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Its fairly fashionable to dismiss cable service providers and their HFC (and) coax networks, especially when compared to the new fangled fiber and copper-fiber hybrid network being planned by phone companies. In the near term cable guys are better equipped to handle the triple play offerings. (Though their lack of wireless offering is likely to become a headache for them.) Even in the longer term, things are not that bleak for them, thanks to DOCSIS 2.0. (Lets not forget DOCSIS 3.0, the newest iteration of the standards being planned by CableLabs. I am pretty sure there is going to tons of exciting developments there, though right now its a nice little acronym.)
The spec which was approved in December 2002 allows cable MSOs to boost the download speeds of their broadband pipes to 30 megabits per second, enough to retain customers especially when Bells start to seduce the speed freaks with bigger pipes.
There are many advantages to the DOCSIS 2.0. By making some tweaks, DOCSIS 2.0 allows cable providers to double the bandwidth on existing modems. Future modems can at the very least triple the bandwidth being sent downstream to our homes, before hitting the top of around 30 megabits per second. The standard will help cable guys overcome the upstream bandwidth issues, and meet DSL and fiber on a more even footing. Arris, Motorola, and Terayon are three companies said to be working on DOCSIS 2.0 products, and expect many of these to start slowly coming to market by end of 2005. I expect more noise around these products especially at the upcoming NCTA show in early April 2005.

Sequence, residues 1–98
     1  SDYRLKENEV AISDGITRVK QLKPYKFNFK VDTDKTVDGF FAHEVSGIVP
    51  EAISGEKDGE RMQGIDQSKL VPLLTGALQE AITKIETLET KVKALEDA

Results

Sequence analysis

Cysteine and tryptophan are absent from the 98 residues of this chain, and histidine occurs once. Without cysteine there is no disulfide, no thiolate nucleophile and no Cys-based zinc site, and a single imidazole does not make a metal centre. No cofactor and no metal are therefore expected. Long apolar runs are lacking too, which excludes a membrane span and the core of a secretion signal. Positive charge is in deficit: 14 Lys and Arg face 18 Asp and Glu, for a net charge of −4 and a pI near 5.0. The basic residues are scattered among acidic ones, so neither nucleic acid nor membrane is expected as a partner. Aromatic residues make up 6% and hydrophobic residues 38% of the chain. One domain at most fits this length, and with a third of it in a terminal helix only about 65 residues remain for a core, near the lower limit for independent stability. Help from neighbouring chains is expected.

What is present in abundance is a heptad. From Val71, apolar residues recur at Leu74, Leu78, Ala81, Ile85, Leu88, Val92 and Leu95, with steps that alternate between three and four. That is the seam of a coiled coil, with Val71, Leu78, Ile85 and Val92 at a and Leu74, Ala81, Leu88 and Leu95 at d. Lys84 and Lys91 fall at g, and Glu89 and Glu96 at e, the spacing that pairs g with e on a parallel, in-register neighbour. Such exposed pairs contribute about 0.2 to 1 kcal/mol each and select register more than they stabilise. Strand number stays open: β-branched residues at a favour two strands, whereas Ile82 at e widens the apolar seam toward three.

(Not sure if anyone is interested but Cisco has come up with a unique way of piping down 1 gigabits per second over HFC and Japanese cable operator Himwari Network is testing this technology called Wideband Protocol for DOCSIS, and is compatible with Docsis 1.1 and 2.0.)